The statistics suggest the sector’s own health is failing.

  • Some 46% of countries have less than 30 nursing personnel per 10,000 population, while 50% of countries have less than 15 medical doctors per 10,000 population. 
  • By 2030 there will be an estimated demand of 80.2 million health workers at a global level, and a shortfall of 14.5 million.
  • The health workforce is ageing. 17% of nurses globally are 55 or over, and one nurse in six is expected to retire in the next 10 years. 
  • Physicians affirm that 78% of them often or always experience burnout feelings.
  • The average turnover in healthcare is 53%. And 24% of healthcare practitioners leave their jobs during their first year.

This is a problem of global relevance and urgency and there are a good number of actions being launched to make sure we will all have access to the best healthcare possible.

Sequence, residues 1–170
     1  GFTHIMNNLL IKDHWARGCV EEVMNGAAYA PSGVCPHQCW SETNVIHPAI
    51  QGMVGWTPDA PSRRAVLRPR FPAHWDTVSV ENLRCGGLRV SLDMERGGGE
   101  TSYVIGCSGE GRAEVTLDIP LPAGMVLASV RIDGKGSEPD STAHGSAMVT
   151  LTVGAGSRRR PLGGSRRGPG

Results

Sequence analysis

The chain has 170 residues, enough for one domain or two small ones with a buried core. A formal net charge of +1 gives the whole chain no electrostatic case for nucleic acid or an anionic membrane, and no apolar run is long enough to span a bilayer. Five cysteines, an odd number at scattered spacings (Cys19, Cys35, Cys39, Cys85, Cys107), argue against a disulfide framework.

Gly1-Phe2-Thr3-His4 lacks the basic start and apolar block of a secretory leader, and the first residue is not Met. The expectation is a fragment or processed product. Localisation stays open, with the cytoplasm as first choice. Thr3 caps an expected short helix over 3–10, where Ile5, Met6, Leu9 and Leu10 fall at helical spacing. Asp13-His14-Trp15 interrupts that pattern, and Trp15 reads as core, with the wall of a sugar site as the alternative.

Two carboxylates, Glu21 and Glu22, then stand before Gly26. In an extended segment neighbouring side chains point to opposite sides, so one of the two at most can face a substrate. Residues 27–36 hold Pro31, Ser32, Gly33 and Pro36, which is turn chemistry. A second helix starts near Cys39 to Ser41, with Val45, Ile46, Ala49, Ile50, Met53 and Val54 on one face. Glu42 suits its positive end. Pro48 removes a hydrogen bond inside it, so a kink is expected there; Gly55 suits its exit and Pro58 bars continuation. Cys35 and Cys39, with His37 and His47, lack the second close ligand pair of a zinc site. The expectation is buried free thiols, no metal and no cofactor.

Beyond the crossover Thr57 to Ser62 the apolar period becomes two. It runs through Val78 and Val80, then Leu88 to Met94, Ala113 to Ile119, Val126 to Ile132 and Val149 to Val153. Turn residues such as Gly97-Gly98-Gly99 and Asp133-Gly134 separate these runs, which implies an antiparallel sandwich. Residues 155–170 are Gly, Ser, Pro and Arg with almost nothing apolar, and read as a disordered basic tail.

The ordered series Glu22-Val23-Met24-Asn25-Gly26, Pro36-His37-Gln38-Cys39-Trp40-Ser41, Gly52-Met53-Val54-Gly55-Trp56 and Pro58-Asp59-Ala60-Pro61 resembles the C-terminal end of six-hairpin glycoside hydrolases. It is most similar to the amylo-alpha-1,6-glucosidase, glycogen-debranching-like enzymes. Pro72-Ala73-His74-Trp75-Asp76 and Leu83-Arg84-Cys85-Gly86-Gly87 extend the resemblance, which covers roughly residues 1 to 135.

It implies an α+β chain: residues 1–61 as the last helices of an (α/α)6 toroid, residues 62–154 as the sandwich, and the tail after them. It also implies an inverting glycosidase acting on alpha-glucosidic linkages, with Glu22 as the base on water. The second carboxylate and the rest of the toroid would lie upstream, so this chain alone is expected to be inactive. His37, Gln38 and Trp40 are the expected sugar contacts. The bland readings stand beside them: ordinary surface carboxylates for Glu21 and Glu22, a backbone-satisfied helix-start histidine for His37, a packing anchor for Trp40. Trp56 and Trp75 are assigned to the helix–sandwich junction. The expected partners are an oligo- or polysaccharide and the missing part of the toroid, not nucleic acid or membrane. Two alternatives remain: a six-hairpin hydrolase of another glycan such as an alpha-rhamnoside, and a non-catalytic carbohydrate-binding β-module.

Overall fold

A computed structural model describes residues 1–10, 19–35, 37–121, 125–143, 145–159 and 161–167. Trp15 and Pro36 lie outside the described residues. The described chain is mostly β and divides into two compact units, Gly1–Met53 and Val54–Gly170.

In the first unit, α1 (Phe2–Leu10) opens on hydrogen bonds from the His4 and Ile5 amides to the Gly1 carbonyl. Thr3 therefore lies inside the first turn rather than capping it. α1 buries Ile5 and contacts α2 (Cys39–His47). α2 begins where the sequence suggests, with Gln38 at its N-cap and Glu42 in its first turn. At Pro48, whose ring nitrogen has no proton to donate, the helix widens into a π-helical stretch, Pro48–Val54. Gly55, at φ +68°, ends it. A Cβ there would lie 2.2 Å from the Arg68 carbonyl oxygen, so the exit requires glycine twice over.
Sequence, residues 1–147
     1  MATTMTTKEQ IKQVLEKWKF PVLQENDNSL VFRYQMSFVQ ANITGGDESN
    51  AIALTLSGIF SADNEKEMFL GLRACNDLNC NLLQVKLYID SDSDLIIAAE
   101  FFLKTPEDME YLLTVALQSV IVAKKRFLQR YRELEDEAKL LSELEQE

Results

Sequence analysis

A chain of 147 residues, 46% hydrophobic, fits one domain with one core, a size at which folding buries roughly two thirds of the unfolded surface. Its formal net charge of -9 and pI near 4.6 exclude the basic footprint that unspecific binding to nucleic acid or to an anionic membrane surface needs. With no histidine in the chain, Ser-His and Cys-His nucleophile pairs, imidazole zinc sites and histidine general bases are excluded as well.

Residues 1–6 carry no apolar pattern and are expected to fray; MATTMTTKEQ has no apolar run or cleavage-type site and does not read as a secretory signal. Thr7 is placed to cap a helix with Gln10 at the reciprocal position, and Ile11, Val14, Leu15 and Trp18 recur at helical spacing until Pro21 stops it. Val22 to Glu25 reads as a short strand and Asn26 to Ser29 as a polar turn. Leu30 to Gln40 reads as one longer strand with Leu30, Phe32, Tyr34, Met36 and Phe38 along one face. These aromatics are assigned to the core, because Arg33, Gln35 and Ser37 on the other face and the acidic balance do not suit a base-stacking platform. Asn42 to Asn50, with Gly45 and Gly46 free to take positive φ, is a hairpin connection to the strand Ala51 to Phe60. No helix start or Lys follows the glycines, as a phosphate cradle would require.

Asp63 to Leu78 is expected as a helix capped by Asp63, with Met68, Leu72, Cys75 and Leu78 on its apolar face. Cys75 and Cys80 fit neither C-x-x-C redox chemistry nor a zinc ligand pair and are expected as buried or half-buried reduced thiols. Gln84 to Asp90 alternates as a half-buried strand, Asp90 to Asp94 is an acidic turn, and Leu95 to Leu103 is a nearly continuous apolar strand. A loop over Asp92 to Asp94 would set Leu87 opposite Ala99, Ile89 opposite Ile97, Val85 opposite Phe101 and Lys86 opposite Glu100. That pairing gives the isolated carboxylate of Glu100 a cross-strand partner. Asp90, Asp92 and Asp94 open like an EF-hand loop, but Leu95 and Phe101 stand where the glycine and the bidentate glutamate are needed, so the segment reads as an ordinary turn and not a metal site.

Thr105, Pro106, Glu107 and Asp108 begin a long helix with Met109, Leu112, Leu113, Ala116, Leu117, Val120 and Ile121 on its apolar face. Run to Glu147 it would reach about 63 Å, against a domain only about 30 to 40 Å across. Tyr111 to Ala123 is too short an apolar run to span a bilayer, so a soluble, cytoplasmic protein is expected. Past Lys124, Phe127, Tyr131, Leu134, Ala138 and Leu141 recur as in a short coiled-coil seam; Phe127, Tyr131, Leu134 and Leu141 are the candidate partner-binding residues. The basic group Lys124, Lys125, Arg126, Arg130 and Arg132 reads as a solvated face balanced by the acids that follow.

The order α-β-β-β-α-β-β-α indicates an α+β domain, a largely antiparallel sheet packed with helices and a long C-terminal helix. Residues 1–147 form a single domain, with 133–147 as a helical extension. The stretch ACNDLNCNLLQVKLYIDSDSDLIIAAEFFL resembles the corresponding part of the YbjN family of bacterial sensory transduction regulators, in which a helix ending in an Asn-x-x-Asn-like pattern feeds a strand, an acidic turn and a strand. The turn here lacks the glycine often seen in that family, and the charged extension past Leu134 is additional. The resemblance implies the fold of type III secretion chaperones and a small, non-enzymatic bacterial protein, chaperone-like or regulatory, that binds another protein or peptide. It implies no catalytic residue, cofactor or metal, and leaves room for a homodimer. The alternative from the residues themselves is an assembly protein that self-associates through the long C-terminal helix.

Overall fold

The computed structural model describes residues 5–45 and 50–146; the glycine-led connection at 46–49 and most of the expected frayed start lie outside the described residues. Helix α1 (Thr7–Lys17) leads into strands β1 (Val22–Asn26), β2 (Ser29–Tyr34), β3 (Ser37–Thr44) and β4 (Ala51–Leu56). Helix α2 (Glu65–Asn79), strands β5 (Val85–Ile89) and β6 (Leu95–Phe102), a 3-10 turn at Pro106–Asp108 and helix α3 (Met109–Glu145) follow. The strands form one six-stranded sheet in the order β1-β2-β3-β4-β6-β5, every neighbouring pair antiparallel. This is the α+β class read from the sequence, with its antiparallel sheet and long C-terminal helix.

Many organizations are developing wellbeing programs to ensure work-life balance for doctors and nurses, telemedicine is becoming more popular and there are multiple government initiatives to motivate young people to study medicine. But all those initiatives don’t seem enough when you are a healthcare company with urgent talent attraction and retention difficulties. Well, here is where employer branding can help. 

When it comes to employer branding in healthcare, we have three key suggestions:

  • Be different
  • Be precise
  • Be bold

But what does each one mean? Let’s see…

  1. Be different: Find out what makes your organization unique

It’s easy to talk about contributing to a greater purpose, helping people increase their quality of life or joining together to fight against diseases.